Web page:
In April 2013, I spent a week in Portugal as a guest of Amorim Cork. During that time, I visited a number Amorim’s manufacturing facilities, and also its research and design laboratory, where I learned of a new closure Amorim was pioneering at the time, in collaboration with Owens-Illinois Inc., the world’s largest manufacturer of glass containers for the food and beverage industry.
Amorim Cork chairman Antonio Amorim was excited by the new development, as it addressed one of the perceived “failings” of cork over screw cap closures – the inconvenience of having to carry a corkscrew for opening that impromptu bottle of wine. Two and a bit years later, the Helix closure became a reality, and it finally hit our shores at the beginning of this year.
So what exactly is the Helix closure? It consists of an agglomerated cork – essentially treated cork granules mixed with resin which is compressed under heat to form a cork closure – and a glass bottle with an internal thread finish in the neck.
So what, you might ask? A cork is a cork is a cork, and you need a cork screw to get it out. Not so with the Helix closure. It combines the ease and convenience of the contemporary screw cap closure, with the aesthetic cachet of the classic cork closure.
The inaugural product bottled under Helix closure in South Africa, is the 2015 Krone Chardonnay Pinot Noir, which unlike its European contemporaries, has opted for a Champagne-like image.
The closure itself is similar to a Champagne cork in form, and the wrap-around lead capsule encapsulates the closure completely, in the same style as a Champagne or methode cap classique (MCC) bottle.
No wire basket is needed as the contents are not under pressure, but the capsule is removed in the same manner as that of a bubbly bottle, and the removal of the cork is also similar: grip the base of the bottle in the palm of one hand, while twisting and pulling the cork with the other to extract it.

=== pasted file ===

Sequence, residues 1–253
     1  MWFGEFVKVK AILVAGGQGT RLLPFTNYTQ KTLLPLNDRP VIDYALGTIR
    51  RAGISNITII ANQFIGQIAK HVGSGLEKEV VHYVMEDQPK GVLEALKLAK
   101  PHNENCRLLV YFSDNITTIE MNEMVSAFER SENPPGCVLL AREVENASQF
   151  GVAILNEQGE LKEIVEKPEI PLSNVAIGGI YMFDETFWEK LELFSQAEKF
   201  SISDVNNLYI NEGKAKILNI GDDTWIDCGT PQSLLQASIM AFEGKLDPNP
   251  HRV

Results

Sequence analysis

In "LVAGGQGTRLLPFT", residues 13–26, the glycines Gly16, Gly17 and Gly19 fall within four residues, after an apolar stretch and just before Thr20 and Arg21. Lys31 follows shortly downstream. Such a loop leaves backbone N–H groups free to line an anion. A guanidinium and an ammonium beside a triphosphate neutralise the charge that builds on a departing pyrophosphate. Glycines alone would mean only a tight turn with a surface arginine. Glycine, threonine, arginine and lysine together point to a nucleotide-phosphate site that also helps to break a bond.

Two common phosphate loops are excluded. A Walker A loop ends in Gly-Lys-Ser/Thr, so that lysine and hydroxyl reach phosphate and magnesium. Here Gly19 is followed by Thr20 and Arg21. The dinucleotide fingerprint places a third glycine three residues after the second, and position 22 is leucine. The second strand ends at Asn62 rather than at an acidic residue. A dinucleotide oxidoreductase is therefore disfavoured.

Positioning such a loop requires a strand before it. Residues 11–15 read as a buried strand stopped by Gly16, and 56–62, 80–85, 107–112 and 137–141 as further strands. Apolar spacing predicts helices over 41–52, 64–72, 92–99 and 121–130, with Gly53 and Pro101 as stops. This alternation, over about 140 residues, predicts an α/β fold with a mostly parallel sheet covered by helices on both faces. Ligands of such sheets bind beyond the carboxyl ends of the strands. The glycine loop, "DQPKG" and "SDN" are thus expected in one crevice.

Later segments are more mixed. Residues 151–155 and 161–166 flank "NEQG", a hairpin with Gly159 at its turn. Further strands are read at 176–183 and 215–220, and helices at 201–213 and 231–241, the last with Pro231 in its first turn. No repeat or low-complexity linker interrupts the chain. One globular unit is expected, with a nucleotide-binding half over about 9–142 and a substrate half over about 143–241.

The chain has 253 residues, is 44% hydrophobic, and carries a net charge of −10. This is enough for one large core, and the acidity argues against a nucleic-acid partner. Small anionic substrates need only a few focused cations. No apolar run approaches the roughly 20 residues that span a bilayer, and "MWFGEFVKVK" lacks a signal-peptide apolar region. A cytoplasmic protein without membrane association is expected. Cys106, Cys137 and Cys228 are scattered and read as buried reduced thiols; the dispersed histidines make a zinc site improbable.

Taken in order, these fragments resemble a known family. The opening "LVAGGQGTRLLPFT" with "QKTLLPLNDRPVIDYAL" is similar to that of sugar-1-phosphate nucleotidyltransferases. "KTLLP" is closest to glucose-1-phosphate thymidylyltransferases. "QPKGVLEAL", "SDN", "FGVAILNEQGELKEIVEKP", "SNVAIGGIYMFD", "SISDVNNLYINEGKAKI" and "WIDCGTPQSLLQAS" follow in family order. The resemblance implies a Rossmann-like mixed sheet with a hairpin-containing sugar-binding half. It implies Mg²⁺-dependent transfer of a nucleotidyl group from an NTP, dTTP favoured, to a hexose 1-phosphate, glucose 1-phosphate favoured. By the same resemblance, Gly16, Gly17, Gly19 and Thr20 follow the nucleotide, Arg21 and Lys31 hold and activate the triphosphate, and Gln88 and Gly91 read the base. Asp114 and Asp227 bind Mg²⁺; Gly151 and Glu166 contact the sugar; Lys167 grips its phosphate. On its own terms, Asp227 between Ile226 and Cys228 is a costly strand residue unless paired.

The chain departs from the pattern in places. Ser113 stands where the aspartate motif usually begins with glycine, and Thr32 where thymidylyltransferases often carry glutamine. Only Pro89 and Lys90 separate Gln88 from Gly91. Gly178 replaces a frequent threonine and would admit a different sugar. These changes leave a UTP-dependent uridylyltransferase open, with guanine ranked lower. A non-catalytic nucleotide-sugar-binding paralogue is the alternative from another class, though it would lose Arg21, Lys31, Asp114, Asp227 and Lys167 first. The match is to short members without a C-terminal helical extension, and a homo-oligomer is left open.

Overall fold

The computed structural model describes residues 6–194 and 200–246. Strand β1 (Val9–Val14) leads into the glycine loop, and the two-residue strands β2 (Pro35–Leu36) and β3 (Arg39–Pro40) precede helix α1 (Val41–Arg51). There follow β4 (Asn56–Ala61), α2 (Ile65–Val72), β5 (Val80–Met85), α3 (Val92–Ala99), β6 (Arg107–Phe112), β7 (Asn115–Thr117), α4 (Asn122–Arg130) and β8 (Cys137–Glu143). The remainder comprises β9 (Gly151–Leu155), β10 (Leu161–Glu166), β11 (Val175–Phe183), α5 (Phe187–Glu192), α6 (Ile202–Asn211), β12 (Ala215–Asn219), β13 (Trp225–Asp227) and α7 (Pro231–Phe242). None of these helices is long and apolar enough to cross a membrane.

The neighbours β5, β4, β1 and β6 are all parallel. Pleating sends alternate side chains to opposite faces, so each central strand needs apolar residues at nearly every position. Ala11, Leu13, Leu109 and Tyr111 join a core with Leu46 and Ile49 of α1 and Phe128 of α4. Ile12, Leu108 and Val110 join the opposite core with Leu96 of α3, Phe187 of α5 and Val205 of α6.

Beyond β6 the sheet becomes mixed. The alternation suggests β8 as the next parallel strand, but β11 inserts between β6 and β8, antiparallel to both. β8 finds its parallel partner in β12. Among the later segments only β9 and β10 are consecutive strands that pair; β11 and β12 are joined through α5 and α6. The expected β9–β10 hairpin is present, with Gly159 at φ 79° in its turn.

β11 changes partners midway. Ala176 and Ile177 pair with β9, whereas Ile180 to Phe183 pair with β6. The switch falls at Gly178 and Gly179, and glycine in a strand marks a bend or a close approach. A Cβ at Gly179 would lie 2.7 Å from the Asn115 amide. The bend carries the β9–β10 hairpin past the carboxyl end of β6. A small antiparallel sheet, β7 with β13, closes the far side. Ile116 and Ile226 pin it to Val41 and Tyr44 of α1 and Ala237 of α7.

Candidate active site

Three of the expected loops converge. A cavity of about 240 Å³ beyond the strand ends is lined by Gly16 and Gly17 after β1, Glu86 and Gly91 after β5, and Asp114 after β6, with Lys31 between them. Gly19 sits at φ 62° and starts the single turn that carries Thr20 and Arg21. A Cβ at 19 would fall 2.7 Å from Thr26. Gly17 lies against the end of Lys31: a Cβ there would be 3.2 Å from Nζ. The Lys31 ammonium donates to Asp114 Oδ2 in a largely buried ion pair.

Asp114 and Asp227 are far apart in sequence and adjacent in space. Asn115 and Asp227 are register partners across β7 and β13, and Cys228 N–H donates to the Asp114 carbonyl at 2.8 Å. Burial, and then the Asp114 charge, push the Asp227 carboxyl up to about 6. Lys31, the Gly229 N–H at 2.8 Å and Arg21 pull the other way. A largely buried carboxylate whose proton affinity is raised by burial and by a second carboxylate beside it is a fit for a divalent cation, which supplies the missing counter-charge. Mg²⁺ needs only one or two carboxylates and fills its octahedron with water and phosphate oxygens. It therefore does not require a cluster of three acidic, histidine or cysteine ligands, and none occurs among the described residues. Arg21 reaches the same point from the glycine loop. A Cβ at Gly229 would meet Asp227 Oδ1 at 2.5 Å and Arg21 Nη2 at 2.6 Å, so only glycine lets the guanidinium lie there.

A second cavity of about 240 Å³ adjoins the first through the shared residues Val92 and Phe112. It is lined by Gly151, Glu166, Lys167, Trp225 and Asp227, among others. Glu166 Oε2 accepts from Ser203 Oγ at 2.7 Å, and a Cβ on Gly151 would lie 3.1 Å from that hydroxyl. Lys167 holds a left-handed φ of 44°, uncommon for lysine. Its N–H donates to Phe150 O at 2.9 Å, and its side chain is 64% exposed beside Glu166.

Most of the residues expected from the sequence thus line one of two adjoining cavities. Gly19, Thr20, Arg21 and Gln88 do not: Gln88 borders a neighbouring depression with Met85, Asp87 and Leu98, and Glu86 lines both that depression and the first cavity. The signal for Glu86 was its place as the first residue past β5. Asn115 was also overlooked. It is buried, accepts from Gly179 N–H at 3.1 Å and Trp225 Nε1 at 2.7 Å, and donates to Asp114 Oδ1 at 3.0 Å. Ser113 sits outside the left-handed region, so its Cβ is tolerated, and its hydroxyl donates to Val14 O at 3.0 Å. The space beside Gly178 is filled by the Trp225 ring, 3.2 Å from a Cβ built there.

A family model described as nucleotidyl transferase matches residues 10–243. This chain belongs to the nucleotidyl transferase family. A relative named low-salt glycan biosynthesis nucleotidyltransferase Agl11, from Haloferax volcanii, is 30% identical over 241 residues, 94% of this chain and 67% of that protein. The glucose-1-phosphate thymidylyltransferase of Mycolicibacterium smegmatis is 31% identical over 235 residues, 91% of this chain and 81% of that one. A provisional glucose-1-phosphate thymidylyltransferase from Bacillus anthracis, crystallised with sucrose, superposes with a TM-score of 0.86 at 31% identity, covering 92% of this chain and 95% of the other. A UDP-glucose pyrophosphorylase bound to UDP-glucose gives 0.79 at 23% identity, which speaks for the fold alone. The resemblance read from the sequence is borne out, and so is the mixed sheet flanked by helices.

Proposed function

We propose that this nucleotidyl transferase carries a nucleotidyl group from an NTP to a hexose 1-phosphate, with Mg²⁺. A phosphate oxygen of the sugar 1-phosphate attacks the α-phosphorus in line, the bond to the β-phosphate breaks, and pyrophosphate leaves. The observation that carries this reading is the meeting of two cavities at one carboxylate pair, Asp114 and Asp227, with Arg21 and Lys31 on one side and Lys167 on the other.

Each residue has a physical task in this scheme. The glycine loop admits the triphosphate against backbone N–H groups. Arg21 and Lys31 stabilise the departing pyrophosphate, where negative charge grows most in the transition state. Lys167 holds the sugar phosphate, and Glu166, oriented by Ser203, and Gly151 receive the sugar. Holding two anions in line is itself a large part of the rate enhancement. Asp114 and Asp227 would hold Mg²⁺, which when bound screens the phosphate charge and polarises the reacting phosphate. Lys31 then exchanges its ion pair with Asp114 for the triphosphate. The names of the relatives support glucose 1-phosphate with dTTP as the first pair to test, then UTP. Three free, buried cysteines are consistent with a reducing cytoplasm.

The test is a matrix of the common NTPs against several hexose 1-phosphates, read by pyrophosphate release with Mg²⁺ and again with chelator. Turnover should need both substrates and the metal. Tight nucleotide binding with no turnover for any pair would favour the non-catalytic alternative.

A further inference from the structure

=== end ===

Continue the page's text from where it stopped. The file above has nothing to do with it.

The cork extracts handily enough, and resealing it is a breeze: simply screw the cork firmly back in to the threaded neck of the bottle, without bothering to line up the “threads”, and voila.
And the seal is really good. Even lying on its side, the closure does not leak, whereas I’ve often had to clean up a mess the following morning after putting an unfinished bottle of wine under screw cap closure into the fridge.
The machine for making the bottles is supplied by Owens-Illinois, requiring an investment of about R500 000, I am told, but local glass maker Consol is apparently contemplating acquiring the technology. In the meantime, the bottles are imported from Europe.
Another big checkmark for the Helix closure is its reusability.
In an era where “reduce, reuse, recycle” is the mantra, the Helix-closed bottle makes ideal for salad dressing, vinegar, oil, or even as a water bottle. At one of the launch events I attended for the closure at the Twelve Apostles Hotel recently, all of the water served during lunch was in Helix-closed bottles.
The Krone Chardonnay Pinot Noir is currently the only local wine under Helix-closure, but I’m given to understand that a number of prominent local wine producers are considering using the closure for wines that are normally consumed within two years of bottling.
I’ve no idea what has been the investment in R&D and manufacturing facilities by Amorim and Owens-Illinois, but it must be substantial. Not that they can’t afford it: they are respectively the world’s largest manufacturers of cork closures and glass containers, but it is axiomatic that this venture is more important to Amorim, which has staked its future on continued dominance in the wine closure market, in the face of ever-increasing competition from the manufacturers of alternative closure systems.
The Helix closure ticks a number of boxes that ought to tickle the fancy of the consumer: a convenient, completely natural, reusable product, which retains the aesthetic appeal of traditional cork, but it remains to be seen whether or not it will capture the imagination of the market.